The fifteen-year-old girl known in the media as K.J. likely didn’t walk into her May 8, 2012 science class at Martin de Porres Academy thinking that she’d walk out having gone through one of the worst things a person can go through. And one wonders how the teacher in the classroom could have missed the fact that a student labeled with an IQ below 50 went through a ten-minute sexual assault involving three ninth grade boys.
Apparently, however, this is what happened afterward:
1. K.J. came home with blood in her underwear
2. K.J. reported the assault to the school social worker at Martin de Porres Academy the next day, and the school did not report the assault to the police. K.J.’s mother took her to the hospital when the social worker called her about the girl’s disclosure, and the hospital called the police.
3. The school eventually requested that the investigation be closed, saying that they’d “handle additional behavioral and social issues with training and additional counseling.” K.J.’s family wasn’t told about this until September 2012.
It only gets more disturbing.
In New York state, K.J. has too low an IQ to legally consent to sex. That law did not do her any good in this case, however. The Nassau County Police Department declared, because her attackers were also labeled with IQs below 50, that even though K.J. told police that she said “No” and “Stop” when the boys assaulted her (and had to be physically assaulted to keep her from escaping), the sex was consensual. They eventually decided that it wasn’t a matter in which they should be involved, as “It was not something you could arrest someone for,” said Jean DeLuca, a Nassau County Police Department spokesperson.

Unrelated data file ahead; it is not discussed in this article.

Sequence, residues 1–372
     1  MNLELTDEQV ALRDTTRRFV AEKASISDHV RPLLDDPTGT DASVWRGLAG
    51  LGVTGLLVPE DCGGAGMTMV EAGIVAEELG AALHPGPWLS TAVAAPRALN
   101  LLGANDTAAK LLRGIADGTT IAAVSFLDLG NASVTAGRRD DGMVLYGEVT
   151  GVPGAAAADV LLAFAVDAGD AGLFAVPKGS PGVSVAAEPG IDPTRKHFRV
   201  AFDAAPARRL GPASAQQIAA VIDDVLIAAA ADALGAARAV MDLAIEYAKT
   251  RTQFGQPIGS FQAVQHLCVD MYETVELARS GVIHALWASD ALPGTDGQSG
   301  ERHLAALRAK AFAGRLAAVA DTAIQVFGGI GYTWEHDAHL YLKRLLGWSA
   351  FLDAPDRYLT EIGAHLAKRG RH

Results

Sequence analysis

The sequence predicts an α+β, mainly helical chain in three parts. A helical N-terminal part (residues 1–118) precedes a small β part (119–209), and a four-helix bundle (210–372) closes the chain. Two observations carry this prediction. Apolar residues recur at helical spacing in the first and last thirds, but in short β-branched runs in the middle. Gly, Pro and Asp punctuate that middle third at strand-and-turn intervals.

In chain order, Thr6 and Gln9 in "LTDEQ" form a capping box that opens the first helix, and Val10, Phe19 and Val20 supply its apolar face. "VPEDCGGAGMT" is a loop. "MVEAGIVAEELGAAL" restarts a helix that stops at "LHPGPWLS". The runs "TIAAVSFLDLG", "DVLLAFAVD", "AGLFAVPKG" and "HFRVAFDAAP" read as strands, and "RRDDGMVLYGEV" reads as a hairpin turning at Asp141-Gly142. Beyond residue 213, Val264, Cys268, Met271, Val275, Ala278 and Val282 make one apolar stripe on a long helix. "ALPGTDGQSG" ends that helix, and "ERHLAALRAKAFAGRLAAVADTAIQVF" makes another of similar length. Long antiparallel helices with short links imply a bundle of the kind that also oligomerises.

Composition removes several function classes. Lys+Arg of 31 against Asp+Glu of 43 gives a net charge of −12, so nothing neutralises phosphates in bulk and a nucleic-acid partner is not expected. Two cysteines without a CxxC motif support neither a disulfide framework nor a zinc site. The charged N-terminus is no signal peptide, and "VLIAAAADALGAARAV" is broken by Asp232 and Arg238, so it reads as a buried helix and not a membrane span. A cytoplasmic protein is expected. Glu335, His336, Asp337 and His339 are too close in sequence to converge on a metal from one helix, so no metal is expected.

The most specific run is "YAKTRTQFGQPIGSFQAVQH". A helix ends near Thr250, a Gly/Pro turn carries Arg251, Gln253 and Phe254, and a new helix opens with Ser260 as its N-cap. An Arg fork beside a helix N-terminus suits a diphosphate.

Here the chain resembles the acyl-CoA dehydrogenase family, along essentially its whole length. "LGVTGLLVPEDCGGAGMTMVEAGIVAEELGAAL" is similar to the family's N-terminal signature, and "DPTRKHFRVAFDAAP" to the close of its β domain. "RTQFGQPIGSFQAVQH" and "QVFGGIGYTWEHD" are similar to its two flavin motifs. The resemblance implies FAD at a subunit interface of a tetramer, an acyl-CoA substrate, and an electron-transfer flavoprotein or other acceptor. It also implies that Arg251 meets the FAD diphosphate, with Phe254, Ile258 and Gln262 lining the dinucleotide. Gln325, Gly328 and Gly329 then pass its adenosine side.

The spokesperson for the Nassau County District Attorney, Kathleen Rice, said that the DA was aware of the case at the time, but “referred questions to the police.”
Martin de Porres Academy didn’t look out for this girl…the police didn’t look out for this girl…the District Attorney didn’t look out for this girl. The teacher that was in the classroom at the time of the assault was fired, but that doesn’t seem like nearly enough.
Apparently safety within the education system and access to the legal and judicial system is only available to *some* young women in society.
Very sad. We’ve got a long way to go.
Read more Here